Today marks day 11 of Croup in our house. Ei got it last Sunday night and spent Sunday and Monday nights in Children's Hospital. Then Jackson got it Friday. Fortunately he only needed a prescription for steroids and was sent home. Then last night Aaron got it. He slept no more than 90 minutes at a stretch before waking to stridor breathing and that horrible seal-like cough. I'd fill the bathroom with steam from the shower and we sat in there for as long as we both could hold our eyes open and then go back to bed and start the cycle over. We made it through the night without having to go to the ER, and that's an accomplishment, I think. This morning I took him to the doctor. Yup, Croup. And a double ear-infection, just for an extra kick in the pants.

As I was getting Aaron ready to go to the doctor this morning, my husband called me. His stepfather had died a few minutes prior to his call. His blood pressure dropped dangerously low, and he was rushed to ICU. Unfortunately they were unable to stabilize him. Mike's mother was waiting for her husband's mother to arrive at this hospital so she could break the news to her. She was understandably heartbroken, despite the fact that this was not a surprise to anyone. I was not particularly close to the man, nor were my husband or children, but my mother-in-law loved this man, and I love her. Her mom just died last year. Sometimes life is super-unfair. She was supposed to babysit the baby tonight while Mike and I took the big boys to Disney on Ice. She called and said she still planned to watch him. Can you imagine losing your husband and then volunteering to babysit that very evening? Instead, Mike is going to skip the show tonight and stay home with her. I'm sure that on the day you lose your husband you need your child there for you. I wonder if she is really hurting for her mom right now. I would be.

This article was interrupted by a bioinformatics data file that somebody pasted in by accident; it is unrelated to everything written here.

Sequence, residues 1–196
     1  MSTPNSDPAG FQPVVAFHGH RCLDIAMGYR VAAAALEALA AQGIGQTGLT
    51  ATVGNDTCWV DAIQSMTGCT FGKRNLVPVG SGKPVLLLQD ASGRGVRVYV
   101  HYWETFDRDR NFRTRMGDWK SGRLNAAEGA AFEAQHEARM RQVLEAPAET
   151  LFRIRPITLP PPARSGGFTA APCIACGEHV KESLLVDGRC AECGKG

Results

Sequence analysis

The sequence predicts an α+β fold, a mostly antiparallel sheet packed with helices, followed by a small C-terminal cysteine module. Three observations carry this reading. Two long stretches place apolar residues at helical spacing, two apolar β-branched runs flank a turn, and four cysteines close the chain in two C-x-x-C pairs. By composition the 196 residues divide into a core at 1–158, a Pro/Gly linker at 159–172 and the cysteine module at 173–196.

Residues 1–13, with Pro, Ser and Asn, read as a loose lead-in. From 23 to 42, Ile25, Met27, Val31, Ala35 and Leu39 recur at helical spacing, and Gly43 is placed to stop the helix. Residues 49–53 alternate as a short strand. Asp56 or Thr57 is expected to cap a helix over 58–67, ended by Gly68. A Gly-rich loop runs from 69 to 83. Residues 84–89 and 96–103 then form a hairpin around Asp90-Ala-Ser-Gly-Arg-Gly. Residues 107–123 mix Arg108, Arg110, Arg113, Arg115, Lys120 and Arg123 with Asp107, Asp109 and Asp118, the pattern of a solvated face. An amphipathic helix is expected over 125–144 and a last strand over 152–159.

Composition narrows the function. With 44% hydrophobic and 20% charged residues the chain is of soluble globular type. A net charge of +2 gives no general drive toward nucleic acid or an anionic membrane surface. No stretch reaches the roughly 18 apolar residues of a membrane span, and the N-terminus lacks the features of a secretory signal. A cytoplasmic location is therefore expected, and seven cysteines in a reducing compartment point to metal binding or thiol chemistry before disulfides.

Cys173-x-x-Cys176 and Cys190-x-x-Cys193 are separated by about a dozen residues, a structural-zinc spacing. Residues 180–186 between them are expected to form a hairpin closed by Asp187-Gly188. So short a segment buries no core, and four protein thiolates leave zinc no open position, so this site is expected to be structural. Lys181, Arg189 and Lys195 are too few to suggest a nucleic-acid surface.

So, life spat on us this week. Sometimes it does. Now is when I would normally insert some bit of wisdom or clarity or even a Bible verse to tie everything up neatly with a bow. I guess I'm just feeling peevish today because, although I know all the right words, I can't bring myself to say them. My head feels like it's going to explode. I'm not sure if I'm getting sick too or if it's the stress of the world moving chaotically around me while I stand helplessly and watch (sleep-deprived, no less). I can't stop thinking about how nice it would be to dive into my bed and pull up the down comforter and wake up two weeks from now.

Saturday, November 1, 2008